Due date: February 14, 2002
You are to conduct experiments to evaluate the performance of your Speech Detection algorithm from Project 1. The focus of this project is not only on how the algorithm performs, but on the formulation of hypotheses; the design, implementation and analysis of experiments to test the hypotheses; and a writeup of it all.
In evaluating your algorithm, there are two measures of performance you will need to consider:
User perception. Some possibilities are:
System impact. Some possibilities are:
You will decide on how each is to be measured. For example, you may choose to get a user's opinion number from 1-10 to measure user perception and you may choose to use processing time to measure system overhead.
Then, you will manipulate the independent variable and determine its impact on the algorithm through your chosen performance measures. You must pick at least two independent variables. Some possibilities are:
In addition, you must chose 1 algorithm modification and evaluate it. Possibilities include:
You should formulate hypotheses about how a change in the independent variables affects your measures of performance.
You must provide details on both the results and the analysis. The results are the numeric measures recorded in the experiments, in the form of graphs, charts or tables. The analysis involves manipulating the data to understand relationships and interpreting the results. The analysis should consider whether the data supports or rejects the hypotheses.
The main deliverable for this project is a report describing:
Good experimental writeups provide sufficient details for a knowledgeable reader to reproduce the results obtained. Keep this in mind when doing your writeup. In particular, for system measures, you should record details about the hardware and software used. For user perception measures, you should record background information on the subjects, familiarity with the topic, method sampled, etc.
Visualizations, such as graphs or charts, even simple ones, are typically much better representations of data than just tables of numbers. All graphs should include:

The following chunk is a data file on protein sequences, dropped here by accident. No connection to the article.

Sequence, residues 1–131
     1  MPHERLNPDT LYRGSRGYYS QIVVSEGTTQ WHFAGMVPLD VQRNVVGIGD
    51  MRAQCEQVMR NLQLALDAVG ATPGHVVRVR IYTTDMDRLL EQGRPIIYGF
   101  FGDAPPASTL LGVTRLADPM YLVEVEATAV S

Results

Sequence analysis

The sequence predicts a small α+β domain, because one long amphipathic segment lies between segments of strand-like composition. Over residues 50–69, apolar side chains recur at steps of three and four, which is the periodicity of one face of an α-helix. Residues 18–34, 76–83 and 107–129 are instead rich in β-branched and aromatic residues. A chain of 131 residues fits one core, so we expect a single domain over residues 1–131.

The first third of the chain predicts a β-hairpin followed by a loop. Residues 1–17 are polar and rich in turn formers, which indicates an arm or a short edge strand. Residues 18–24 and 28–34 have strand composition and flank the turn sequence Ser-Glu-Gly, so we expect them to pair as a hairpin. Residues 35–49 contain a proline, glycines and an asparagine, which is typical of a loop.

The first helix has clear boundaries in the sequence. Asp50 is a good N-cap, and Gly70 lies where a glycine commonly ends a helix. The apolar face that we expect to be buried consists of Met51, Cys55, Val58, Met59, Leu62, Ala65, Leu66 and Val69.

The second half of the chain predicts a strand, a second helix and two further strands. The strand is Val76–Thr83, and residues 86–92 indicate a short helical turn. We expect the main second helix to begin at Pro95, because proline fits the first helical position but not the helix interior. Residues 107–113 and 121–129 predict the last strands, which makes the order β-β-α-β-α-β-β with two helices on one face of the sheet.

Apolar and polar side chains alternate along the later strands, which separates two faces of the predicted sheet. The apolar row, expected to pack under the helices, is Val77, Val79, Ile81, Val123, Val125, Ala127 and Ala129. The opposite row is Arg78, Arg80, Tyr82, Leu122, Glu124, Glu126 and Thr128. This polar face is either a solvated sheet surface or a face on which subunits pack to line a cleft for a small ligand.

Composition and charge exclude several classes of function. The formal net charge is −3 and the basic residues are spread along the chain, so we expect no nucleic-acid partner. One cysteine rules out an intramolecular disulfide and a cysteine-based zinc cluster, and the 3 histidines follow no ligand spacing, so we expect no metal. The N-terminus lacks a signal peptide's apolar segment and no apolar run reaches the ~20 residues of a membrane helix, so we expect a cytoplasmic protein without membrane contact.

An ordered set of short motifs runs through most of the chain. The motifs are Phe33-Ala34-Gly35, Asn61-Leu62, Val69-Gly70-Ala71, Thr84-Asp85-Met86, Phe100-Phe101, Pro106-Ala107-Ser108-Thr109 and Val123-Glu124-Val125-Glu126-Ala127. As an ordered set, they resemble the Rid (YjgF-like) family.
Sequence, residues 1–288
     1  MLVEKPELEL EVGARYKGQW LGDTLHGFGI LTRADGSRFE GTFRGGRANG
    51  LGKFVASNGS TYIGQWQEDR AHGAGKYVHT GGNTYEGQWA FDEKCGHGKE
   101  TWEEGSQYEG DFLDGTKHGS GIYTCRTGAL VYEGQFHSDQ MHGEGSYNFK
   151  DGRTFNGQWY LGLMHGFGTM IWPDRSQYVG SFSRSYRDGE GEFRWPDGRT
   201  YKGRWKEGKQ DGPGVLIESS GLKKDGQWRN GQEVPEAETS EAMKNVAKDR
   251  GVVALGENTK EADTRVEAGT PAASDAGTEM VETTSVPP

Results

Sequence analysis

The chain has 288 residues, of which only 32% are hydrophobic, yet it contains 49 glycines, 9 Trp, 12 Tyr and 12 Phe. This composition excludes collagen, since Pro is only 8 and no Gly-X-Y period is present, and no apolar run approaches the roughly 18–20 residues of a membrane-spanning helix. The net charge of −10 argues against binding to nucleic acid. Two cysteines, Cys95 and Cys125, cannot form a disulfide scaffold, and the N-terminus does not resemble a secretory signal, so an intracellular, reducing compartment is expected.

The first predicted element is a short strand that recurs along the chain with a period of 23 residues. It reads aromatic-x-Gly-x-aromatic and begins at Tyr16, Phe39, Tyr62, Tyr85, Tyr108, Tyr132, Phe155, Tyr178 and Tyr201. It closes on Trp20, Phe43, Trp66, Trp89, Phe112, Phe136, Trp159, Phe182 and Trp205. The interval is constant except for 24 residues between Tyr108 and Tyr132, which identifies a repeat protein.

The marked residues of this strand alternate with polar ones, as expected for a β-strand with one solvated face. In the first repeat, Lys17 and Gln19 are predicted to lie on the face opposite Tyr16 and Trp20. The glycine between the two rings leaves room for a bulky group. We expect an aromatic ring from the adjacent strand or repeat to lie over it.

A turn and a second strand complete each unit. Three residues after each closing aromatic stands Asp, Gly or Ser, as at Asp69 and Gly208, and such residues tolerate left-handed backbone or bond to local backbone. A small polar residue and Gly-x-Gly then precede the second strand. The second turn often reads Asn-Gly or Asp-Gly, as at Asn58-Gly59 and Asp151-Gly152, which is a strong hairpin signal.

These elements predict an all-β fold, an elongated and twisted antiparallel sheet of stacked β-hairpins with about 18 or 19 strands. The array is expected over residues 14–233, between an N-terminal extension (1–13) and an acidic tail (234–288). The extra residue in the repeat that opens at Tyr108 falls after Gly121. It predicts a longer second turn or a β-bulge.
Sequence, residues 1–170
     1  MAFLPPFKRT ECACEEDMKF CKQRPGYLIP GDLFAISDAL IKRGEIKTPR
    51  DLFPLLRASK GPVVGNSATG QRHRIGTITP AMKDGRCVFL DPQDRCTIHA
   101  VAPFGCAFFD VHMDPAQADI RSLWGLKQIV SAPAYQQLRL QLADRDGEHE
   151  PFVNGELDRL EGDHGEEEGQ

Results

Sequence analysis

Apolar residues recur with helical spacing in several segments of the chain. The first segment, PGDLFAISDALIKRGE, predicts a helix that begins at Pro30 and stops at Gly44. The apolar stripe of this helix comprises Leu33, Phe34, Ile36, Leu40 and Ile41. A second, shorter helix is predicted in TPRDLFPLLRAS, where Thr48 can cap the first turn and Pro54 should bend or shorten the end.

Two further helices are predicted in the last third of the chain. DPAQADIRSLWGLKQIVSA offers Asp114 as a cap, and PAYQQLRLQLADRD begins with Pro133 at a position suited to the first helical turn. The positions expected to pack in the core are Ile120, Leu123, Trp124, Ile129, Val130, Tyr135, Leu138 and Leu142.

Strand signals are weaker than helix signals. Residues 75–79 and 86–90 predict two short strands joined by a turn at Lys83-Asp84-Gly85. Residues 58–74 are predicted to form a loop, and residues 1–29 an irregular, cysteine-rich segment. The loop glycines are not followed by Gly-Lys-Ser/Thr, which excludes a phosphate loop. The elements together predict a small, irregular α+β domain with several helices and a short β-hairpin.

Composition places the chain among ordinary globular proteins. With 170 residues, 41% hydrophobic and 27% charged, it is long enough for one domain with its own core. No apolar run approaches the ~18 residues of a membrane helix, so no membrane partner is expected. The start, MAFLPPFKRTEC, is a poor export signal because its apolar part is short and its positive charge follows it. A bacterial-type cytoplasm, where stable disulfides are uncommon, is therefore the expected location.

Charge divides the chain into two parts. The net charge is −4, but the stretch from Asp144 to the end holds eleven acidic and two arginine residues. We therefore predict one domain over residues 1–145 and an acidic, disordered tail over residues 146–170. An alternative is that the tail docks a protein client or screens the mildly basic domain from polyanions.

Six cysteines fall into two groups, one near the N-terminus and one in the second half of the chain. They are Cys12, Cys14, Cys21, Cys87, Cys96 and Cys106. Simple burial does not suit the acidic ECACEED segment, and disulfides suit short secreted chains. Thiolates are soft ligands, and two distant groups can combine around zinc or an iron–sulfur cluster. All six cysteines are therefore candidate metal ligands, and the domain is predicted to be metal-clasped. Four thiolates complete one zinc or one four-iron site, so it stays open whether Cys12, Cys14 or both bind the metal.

A title which summarizes what the graph is showing. The title can be at the top of the graph or in the caption below the figures
The independent variable on the x-axis (horizontal axis) and the dependent variable on the y-axis (vertical axis). The independent variable is the one that you manipulate, and the dependent variable is the one that you observe. Note that sometimes you don't really manipulate either variable, you observe them both. In that case, if you are testing the hypothesis that changes in one variable cause changes in the other, put the variable that you think causes the changes on the x-axis.
Labels on the x-axis and the y-axis. Where appropriate, these labels must include the units of measurement. Examples include "arm length, in cm," "time, in generations," and "number of head bumps per week."
Numbers on the x-axis and the y-axis. These should be evenly spaced numbers, such as 0.4, 0.5, 0.6, 0.7.... If the numbers on your x-axis aren't evenly spaced (for example, they go 0.45, 0.5, 0.6, 0.62, 0.63) it means you chose the wrong kind of graph. When there are more than one set of points, they should be labeled (in the form of a legend or key or next to each line). If you only have one set of points, do not include a legend.
If you are using Windows, MS Excel has good support for drawing graphs. You might try this tutorial http://www.urban.uiuc.edu/Courses/varkki/msexcel/graphs/Default.html to get started.
If you are using Unix, gnuplot has good support for drawing graphs. You might see http://www.gnuplot.info/ for more information.
You might look at the slides for this project (ppt, pdf) and the slides for Experiments in computer science (ppt, pdf).
You must turn in a hard-copy of your project report. Please include a title page with a title, abstract and group members. Unless otherwise specified, the hard-copy must be given to me, or delivered to FL138 on the day it is due.
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